Travel to, from and across Italy was disrupted by dozens of strikes in January

And, while many travellers might have hoped for a change in the trend, strikes are set to continue into February as Italian unions have already announced a further round of demonstrations affecting rail and public transport services as well as airline travel.

Here’s an overview of February’s main strike actions, including a national public transport strike on Friday, February 17th and another nationwide walkout from airport ground staff on Tuesday, February 28th.

Public transport

February 17th: Public transport staff will take part in a national 24-hour strike on Friday, February 17th. 

The strike was called in late January by Italian union USB (Unione Sindacale di Base) to protest against precarious work and “wild privatisation” attempts on the part of the Italian state.

READ ALSO: Should you travel in Italy when there’s a strike on?

There currently aren’t any details as to what percentage of workers will take part in the action. As such, the amount of disruption travellers should expect on the day cannot be estimated yet. 

Air travel

February 12th: Air traffic control staff at Perugia’s San Francesco d’Assisi airport will take part in a 24-hour strike action on Sunday, February 12th. 

It isn’t yet clear how the walkout in question will affect air travel to and from the airport on the day.

Travellers at an Italian airport

A national strike from ground service staff may cause delays and queues at many Italian airports on Tuesday, February 28th. Photo by Andreas SOLARO / AFP

February 28th: Baggage handlers and other airport ground service staff will take part in a national 24-hour strike on Tuesday, February 28th.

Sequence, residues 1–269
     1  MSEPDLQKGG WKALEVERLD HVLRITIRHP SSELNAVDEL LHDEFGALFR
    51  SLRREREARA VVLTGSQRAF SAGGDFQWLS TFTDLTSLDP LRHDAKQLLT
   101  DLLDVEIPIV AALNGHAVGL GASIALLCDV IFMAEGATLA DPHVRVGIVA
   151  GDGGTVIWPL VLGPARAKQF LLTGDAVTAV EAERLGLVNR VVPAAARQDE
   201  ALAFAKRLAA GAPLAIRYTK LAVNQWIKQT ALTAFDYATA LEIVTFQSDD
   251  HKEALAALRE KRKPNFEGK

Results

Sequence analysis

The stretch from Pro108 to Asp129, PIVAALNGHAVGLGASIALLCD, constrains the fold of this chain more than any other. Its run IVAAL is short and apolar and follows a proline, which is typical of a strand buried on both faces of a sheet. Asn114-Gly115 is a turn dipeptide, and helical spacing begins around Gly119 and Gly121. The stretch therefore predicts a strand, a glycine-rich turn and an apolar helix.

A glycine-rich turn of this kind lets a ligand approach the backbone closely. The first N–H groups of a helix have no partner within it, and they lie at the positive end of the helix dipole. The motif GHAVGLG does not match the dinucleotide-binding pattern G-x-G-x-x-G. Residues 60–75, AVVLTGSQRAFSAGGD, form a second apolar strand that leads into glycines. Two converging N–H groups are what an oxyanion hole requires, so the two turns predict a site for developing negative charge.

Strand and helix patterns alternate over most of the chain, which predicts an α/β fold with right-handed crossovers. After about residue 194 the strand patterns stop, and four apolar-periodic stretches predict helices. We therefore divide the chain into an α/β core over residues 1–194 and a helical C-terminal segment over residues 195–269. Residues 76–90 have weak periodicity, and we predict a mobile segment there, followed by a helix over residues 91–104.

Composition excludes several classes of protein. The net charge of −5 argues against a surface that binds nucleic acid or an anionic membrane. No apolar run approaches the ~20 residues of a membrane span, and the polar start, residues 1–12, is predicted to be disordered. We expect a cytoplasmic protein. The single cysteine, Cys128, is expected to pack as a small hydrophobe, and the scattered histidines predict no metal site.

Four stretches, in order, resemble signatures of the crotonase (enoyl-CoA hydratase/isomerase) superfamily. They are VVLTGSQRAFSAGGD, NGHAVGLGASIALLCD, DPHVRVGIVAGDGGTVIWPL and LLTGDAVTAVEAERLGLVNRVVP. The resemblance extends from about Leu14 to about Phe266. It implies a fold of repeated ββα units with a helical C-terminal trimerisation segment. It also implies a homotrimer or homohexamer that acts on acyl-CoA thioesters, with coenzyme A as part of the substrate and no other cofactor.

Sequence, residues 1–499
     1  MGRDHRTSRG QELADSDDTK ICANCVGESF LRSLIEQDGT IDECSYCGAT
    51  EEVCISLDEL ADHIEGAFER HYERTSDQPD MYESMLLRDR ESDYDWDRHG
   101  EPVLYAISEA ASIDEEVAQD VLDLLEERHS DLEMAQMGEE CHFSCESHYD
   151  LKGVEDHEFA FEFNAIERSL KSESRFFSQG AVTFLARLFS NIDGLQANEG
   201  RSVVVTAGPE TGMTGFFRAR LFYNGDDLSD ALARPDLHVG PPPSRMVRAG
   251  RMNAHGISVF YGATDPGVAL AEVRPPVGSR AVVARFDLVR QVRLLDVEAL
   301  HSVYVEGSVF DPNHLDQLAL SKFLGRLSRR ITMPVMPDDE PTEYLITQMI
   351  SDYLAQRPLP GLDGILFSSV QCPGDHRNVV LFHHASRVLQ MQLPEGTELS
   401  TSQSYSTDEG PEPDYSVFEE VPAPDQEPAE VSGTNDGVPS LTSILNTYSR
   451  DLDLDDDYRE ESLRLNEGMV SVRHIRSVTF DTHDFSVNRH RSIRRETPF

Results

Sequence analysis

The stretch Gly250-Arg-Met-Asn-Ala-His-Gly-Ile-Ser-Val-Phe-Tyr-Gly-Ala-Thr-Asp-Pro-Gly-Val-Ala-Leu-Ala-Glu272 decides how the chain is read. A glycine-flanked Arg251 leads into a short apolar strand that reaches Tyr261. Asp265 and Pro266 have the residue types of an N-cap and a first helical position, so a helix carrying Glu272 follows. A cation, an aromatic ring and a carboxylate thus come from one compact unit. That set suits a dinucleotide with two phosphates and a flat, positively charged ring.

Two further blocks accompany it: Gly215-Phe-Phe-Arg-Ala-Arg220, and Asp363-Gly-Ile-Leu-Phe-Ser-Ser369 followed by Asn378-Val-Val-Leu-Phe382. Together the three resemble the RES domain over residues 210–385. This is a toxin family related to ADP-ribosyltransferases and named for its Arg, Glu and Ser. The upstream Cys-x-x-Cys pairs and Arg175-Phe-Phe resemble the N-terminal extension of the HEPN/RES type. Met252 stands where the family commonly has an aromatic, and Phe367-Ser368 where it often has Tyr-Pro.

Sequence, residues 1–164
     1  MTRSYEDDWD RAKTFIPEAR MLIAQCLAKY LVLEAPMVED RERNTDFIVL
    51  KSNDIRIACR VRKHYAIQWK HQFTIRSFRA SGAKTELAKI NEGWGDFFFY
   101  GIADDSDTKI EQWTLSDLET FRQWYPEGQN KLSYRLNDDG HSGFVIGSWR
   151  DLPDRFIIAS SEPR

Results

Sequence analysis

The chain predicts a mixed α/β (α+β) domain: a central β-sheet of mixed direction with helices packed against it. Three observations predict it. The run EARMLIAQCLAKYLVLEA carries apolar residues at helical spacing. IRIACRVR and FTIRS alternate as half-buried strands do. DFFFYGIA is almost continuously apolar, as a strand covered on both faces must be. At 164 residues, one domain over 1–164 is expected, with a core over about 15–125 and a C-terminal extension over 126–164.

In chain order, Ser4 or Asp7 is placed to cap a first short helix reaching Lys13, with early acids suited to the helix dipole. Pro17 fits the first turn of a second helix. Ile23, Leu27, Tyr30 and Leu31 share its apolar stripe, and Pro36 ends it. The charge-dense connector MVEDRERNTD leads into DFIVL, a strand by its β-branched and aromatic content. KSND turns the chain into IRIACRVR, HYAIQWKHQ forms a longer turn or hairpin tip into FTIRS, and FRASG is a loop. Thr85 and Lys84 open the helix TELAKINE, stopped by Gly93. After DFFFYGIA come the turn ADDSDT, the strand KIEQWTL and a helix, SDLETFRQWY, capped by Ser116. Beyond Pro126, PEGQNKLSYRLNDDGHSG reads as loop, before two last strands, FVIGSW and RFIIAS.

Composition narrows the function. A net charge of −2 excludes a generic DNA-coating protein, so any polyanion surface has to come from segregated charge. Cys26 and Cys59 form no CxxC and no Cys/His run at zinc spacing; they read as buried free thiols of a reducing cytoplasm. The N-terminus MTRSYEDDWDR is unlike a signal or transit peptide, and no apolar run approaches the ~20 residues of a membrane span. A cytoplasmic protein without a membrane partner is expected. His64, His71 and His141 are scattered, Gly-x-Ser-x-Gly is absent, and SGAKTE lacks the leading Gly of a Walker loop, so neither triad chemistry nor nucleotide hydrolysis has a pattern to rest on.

It isn’t yet clear how the strike will affect air travel during the day, though a similar demonstration caused significant delays and queues at some Italian airports in late January.

ENAV air traffic operators based in Calabria are also expected to strike on February 28th, with the walkout set to start at 1pm and end at 5pm.

Rail

February 5th-6th: Calabria-based Trenitalia staff will strike from 9pm on Sunday, February 5th to 9pm the following day. 

A list of guaranteed services in the region is available here.

February 9th: Staff from Lombardy’s Trenord will take part in a 22-hour strike – from 2am to 11.50pm – on Thursday, February 9th.

Empty train platform in Codogno, Lombardy

Staff from Lombardy’s regional railway operator Trenord will strike for 22 hours on Thursday, February 9th. Photo by Miguel MEDINA / AFP

It’s currently unclear whether Trenord will operate minimum services on the day. Any information regarding the strike will be released on the following website page

February 12th-13th: Trenitalia staff in Emilia-Romagna will strike from 3.30am on Sunday, February 12th to 2.30am on Monday, February 13th.

A list of guaranteed services in the region is available here.

February 19th: Veneto-based Trenitalia staff will strike from 9am to 5pm on Sunday, February 19th. 

Guaranteed services are available here.

On the same day, there will be no service between Milan’s Milano Centrale station and Paris’s Gare de Lyon due to a strike from staff at France’s national railway company SNCF.

READ ALSO: Trains and planes: Italy’s new international travel routes in 2023

February 20th: Trenitalia personnel in Lombardy are expected to strike from 9am to 5pm on Monday, February 20th. 

Guaranteed services haven’t been made available yet. 

You can keep up to date with the latest strike news from Italy HERE.